I have always needed to touch the earth, to live close to it, allowing its nourishment to fill me. My young hands, from the age of five, gardened alongside my mother. Today gardening and working with others still challenges creative opportunities through the medium of flowers.

   It is my conviction that, if we are able, we return to the haunts of childhood.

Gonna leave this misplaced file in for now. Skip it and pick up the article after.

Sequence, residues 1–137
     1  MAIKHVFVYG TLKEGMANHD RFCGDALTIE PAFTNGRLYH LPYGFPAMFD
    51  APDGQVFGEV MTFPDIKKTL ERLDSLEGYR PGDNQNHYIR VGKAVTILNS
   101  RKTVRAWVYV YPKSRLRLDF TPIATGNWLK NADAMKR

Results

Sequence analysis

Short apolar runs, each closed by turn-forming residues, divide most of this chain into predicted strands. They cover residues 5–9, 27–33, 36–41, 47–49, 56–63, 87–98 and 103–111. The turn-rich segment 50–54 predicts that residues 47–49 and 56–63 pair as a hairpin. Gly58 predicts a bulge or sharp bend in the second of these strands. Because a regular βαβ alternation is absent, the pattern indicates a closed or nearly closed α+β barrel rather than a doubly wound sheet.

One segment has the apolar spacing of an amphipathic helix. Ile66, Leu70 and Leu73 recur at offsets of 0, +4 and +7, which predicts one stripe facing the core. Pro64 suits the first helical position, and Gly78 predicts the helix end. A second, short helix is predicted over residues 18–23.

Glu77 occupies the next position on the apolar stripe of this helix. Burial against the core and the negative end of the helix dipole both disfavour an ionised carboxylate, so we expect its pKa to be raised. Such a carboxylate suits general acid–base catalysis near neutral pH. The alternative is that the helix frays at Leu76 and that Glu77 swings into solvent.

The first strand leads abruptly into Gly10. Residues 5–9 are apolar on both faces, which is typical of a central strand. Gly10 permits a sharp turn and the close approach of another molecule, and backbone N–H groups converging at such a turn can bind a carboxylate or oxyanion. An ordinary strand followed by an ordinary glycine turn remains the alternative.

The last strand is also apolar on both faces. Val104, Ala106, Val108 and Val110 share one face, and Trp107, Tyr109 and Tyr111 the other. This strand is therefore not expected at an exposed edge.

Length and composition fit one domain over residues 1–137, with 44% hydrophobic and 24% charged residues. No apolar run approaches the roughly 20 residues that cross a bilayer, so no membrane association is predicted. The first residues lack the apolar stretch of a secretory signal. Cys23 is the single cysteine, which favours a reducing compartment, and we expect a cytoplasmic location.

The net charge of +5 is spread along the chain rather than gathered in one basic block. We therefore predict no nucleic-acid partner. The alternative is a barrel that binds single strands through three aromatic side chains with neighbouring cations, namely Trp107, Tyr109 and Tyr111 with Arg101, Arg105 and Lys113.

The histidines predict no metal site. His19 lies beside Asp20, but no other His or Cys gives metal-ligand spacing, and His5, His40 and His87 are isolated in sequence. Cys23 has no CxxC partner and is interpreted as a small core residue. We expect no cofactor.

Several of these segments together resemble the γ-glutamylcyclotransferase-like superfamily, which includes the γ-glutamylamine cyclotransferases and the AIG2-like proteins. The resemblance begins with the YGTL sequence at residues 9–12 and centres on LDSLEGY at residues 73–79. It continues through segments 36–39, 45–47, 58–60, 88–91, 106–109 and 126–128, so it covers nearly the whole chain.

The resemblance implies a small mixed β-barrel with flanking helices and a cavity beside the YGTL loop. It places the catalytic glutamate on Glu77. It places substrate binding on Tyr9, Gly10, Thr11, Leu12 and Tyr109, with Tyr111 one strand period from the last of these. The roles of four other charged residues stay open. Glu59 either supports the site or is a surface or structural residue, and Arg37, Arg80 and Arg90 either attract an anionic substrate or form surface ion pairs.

I grew up on a mountaintop in Tennessee, surrounded by woods, searching for arrowheads, playing hide-and-seek among magnificent, four-foot-tall zinnias and golden marigolds in my mother's garden. The landscape of my childhood included a chicken yard, a whole grove of rhododendrons, and a tiny stream where my young hands worked at landscaping from the age of five. Life was organic then. What wasn't eaten from the summer garden was canned for winter. Strawberries placed in flat, glass-covered platters were baked in the sun and called strawberry preserves. Fertilizer was real manure.

            

 

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